1963 – Pauline Reade, 16, disappears in Gorton, England, the first victim in the Moors murders.
1975 – São Tomé and Príncipe declare independence from Portugal.
I’ve been to Sao Tomé several times, but not in a decade or so. Here are two pictures I took on our last field trip there (we were studying the altitudinal zonation of two sister species of Drosophila).  First, a view down to the sea from the peak of the volcanic island, altitude 2024 meters.

And some schoolkids in the capital, all in pink.

Notables born on this day include:
1849 – William Osler, Canadian physician and author (d. 1919)
1884 – Louis B. Mayer, Russian-born American film producer, co-founded Metro-Goldwyn-Mayer (d. 1957)
1895 – Buckminster Fuller, American architect and engineer, designed the Montreal Biosphère (d. 1983)
1904 – Pablo Neruda, Chilean poet and diplomat, Nobel Prize laureate (d. 1973)
1908 – Milton Berle, American comedian and actor (d. 2002)
1917 – Andrew Wyeth, American artist (d. 2009)
Here’s an Andrew Wyeth painting, “Cat in a Window”:

1934 – Van Cliburn, American pianist and composer (d. 2013)
1937 – Bill Cosby, American actor, comedian, producer, and screenwriter
1943 – Christine McVie, English singer-songwriter and keyboard player
Those who attained quietus on July 12 include:
1804 – Alexander Hamilton, American general, economist, and politician, 1st United States Secretary of the Treasury (b. 1755)
1966 – D. T. Suzuki, Japanese philosopher and author (b. 1870)
1979 – Minnie Riperton, American singer-songwriter (b. 1947)
Riperton, who died at only 31 of cancer, had a five-octave range, amply displayed in her most famous song, “Loving You”. Those high notes are for real!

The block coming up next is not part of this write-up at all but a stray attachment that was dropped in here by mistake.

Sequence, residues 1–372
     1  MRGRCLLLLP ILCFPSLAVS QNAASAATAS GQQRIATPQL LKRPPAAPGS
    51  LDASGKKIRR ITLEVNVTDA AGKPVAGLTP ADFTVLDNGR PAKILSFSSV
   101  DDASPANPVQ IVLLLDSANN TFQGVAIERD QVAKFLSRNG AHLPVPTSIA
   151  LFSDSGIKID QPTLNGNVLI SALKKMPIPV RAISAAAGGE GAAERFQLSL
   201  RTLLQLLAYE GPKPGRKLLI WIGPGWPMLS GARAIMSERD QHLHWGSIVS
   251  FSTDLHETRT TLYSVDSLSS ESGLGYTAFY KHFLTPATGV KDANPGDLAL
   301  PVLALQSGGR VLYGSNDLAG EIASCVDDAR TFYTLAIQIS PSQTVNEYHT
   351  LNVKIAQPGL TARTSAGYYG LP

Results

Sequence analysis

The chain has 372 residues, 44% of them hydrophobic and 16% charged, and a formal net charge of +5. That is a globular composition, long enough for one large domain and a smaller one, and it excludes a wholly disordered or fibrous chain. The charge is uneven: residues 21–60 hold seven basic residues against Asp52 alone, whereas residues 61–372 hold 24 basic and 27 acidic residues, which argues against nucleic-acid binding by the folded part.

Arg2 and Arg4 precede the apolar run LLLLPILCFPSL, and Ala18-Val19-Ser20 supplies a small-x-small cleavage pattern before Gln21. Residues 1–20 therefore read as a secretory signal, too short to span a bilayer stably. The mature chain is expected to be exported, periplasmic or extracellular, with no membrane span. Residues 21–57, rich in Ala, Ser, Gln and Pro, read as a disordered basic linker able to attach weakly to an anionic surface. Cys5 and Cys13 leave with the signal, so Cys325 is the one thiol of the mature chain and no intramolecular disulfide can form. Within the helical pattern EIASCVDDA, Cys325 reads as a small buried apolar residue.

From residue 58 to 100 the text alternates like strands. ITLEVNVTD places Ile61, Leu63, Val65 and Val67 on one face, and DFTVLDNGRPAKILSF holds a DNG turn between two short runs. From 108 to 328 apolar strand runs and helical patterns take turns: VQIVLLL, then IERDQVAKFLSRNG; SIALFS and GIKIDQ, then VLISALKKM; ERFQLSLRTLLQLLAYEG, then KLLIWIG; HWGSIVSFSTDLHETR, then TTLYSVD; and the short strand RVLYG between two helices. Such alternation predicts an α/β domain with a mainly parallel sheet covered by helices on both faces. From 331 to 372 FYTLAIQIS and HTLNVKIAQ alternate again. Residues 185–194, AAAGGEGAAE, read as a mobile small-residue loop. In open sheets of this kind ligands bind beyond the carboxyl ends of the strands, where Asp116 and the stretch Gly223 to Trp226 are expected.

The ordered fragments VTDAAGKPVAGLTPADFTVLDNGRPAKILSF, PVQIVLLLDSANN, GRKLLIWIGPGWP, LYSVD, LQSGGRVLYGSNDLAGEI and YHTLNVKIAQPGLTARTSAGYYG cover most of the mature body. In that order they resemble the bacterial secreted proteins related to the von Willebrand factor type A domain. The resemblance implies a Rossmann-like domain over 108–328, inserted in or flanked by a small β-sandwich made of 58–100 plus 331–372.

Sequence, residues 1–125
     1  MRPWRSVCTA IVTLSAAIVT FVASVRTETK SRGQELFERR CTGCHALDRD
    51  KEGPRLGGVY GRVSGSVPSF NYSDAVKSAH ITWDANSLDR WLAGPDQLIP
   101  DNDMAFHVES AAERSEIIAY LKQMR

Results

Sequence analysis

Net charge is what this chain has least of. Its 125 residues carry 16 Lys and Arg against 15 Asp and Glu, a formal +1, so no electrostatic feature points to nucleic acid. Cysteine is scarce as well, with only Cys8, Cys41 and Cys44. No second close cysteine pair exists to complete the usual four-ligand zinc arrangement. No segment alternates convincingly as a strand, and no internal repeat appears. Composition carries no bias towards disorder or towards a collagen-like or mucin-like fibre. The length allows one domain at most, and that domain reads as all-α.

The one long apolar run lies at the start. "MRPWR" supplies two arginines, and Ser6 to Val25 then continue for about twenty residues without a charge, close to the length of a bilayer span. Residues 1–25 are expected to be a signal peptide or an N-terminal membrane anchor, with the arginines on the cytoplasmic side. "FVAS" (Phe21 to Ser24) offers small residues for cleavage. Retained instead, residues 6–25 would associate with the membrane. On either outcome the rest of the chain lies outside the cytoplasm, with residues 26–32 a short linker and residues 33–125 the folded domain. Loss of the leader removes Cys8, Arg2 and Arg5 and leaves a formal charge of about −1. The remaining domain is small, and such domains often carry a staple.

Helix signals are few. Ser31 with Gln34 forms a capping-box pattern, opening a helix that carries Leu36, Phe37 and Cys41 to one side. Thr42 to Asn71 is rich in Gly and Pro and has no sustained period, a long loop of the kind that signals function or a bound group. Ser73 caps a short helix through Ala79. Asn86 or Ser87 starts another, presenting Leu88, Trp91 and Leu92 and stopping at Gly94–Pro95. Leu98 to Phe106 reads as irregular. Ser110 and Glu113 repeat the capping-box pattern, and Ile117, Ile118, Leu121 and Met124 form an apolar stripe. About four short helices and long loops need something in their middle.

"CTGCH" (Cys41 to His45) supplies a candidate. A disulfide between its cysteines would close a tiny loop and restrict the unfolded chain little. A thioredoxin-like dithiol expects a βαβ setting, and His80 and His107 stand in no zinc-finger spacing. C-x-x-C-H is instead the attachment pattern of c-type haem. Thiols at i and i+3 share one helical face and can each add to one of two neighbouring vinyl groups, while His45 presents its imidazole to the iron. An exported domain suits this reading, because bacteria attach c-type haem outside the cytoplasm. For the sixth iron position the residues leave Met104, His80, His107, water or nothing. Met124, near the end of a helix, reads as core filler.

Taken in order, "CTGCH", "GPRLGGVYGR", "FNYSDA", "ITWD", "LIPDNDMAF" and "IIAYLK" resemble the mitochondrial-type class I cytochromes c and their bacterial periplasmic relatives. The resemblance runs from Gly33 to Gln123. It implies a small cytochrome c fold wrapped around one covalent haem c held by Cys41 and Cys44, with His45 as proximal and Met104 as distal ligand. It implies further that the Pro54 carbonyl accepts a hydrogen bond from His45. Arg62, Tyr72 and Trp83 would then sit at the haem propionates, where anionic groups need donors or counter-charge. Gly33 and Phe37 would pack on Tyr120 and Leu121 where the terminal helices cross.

Meanwhile in Dobrzyn, we have a two-part interaction between Hili and Szaron today. First, Hili takes the veranda shelf but Szaron sasses her:

Hili: I agree to co-habitation but this shelf is mine.
Szaron: I will jump on it anyhow when you go away.

In Polish:

Hili: Zgadzam się na kohabitację, ale ta półka jest moja.
Szaron: I tak tam wskoczę jak sobie pójdziesz.

But. . .
Szaron: She’s gone!
In Polish: Poszła sobie
And in nearby Wloclawek, Leon is famished (as usual):

Leon: The sun went down and I haven’t had dinner yet.(Photo: Marta Wierzbicka)

(In Polish): Słońce zaszło,a ja jaszcze nie jadłem kolacji.
From Zach Weinersmith’s SMBC, an optical illusion (h/t Rick). Count the dots in the middle panel:

From Jesus of the Day:

A new MAAG hat sent by reader Charles, who added, “A reasonable hat, given inaction by Trump. The mutated, now dominant, strain of SARS-CoV-2 with a spike protein that seems to increase its R0 suggests 200,000 deaths by 11/2020 will be a lowball estimate.”

An overheated squirrel:

This is supposed to be bad?

Two tweets from Simon: First, a new lip syncher to go alongside Sarah Cooper. Meet Meggie Foster doing an incident at the last Democratic Socialists of America convention. (Note that she’s also reading Titania’s latest book.) The incident is real, and you can see it on video here (note the jazz hands).

Where was the line editor on this one?

From reader Barry, a physics lesson:

Tweets from Matthew. First: Cowlift!

Holy cow! 🐮 👀 An unusual RAF rescue mission has been underway to airlift a cow which had got itself trapped near a waterfall in Cumbria. The crew airlifted the animal to safety and she is now recovering. #OperationMoove
— ITV News Border (@ITVborder) July 10, 2020

It took me a minute to figure this one out:

—the alphabet in alphabetical order (via @gray)
— Christian Bok (@christianbok) July 10, 2020

This would have been better as a video: